The Legislature has now completed the first two weeks of the 2014 session and we’re well underway debating bill proposals and negotiating with our colleagues. Since this is a short (60-day) session, the timeframe to accomplish what we need to do is reduced and everything seems to be getting done in a hurry. I wanted to share an update on the progress of some of my bills before going into detail about a few others.
SB 5962 – Yakima Valley School. This is a bill to reopen the residential care facility in Selah to new patients. During the state’s economic crisis in 2011, the governor signed a bill to gradually reduce the number of residents at YVS. It closed the school to any further admissions but allowed current residents to continue residing at the facility for the rest of their natural lives. Since that time we’ve seen a drastic need for it to return to its original purpose of providing a stable, long-term home for individuals with significant developmental or medical disabilities. SB 5962 had a public hearing in the Senate Committee on Health Care on Jan 23, and I expect it will be approved by that committee soon.
SB 6040 – Invasive species. This is my bill to help prevent invasive mussels (zebra and quagga, small clam-like creatures that reproduce rapidly and deplete nutrients in the water, jeopardizing power and water infrastructures, damaging ecosystems and destroying recreational areas) by providing community block grants that can be used for educational campaigns to help keep the public informed about the issue and reinforcing the inspection checkpoints the state has in place to keep these and other invasive species out. SB 6040 had a public hearing in the Senate Committee on Natural Resources & Parks on Jan. 21, and I expect it will be approved by that committee soon.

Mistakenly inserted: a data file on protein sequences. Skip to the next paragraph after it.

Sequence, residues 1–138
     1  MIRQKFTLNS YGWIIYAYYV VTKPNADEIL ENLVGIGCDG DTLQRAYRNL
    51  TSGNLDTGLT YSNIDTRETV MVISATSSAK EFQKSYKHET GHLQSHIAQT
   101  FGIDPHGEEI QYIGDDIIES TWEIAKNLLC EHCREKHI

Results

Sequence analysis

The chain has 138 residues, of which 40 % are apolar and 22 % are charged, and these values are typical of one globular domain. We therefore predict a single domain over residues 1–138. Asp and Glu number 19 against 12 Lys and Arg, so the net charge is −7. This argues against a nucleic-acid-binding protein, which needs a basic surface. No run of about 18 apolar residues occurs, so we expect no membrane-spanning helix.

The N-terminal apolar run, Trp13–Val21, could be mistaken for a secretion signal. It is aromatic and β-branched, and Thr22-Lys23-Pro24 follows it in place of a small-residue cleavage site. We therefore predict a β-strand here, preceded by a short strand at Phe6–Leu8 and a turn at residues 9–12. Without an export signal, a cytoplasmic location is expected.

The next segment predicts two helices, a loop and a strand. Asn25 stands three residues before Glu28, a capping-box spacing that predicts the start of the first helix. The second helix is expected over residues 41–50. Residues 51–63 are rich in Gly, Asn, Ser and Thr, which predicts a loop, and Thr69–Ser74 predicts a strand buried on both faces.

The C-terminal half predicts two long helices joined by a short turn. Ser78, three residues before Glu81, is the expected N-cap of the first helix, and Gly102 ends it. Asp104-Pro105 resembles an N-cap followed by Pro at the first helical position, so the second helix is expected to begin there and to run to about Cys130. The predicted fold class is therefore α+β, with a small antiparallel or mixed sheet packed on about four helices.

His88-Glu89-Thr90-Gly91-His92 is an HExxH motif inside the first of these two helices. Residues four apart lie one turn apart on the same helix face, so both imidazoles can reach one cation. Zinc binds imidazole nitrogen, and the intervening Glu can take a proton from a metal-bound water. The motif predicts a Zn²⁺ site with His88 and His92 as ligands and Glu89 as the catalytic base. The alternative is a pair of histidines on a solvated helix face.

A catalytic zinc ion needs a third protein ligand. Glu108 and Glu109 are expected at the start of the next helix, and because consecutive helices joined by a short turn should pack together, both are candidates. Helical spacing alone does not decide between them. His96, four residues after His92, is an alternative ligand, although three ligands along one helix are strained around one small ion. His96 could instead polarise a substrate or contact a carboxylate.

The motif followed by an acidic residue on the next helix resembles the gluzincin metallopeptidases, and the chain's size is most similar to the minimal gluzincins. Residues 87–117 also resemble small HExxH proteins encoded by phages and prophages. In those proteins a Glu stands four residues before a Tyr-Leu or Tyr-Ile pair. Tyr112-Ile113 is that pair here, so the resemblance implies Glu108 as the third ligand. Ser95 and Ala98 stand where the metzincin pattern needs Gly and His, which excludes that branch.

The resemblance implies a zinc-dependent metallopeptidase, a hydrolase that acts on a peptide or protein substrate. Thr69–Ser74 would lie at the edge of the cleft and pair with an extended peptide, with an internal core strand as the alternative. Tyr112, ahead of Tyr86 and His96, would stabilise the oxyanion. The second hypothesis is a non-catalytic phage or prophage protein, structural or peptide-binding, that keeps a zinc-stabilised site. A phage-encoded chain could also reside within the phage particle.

SB 6052 – Land acquisition. This bill would require that the state Department of Natural Resources, Department of Fish and Wildlife and State Parks and Recreation Commission – when attempting to acquire habitat or recreation lands – to submit to the Legislature the following information:
- The purpose of the acquisition and intended use of the property;
- Detailed and measurable goals for the acquisition;
- A monitoring plan to track whether the purchase is meeting the identified goals; and
- Anticipated operation and maintenance costs.
SB 6052 had a public hearing in the Senate Committee on Natural Resources & Parks on Jan. 23, and I expect it will be approved by that committee soon.
SB 6054 – Aeronautic safety. This is a bill to hopefully prevent crop dusters and other low-flying aircraft from colliding with an unmarked radio tower. It requires certain temporary or permanent guyed towers to be lighted, marked and painted or otherwise constructed to be visible in clear air during daylight hours from a distance of not less than two thousand feet. SB 6054 is scheduled for public hearing in the Senate Committee on Transportation on Jan. 28.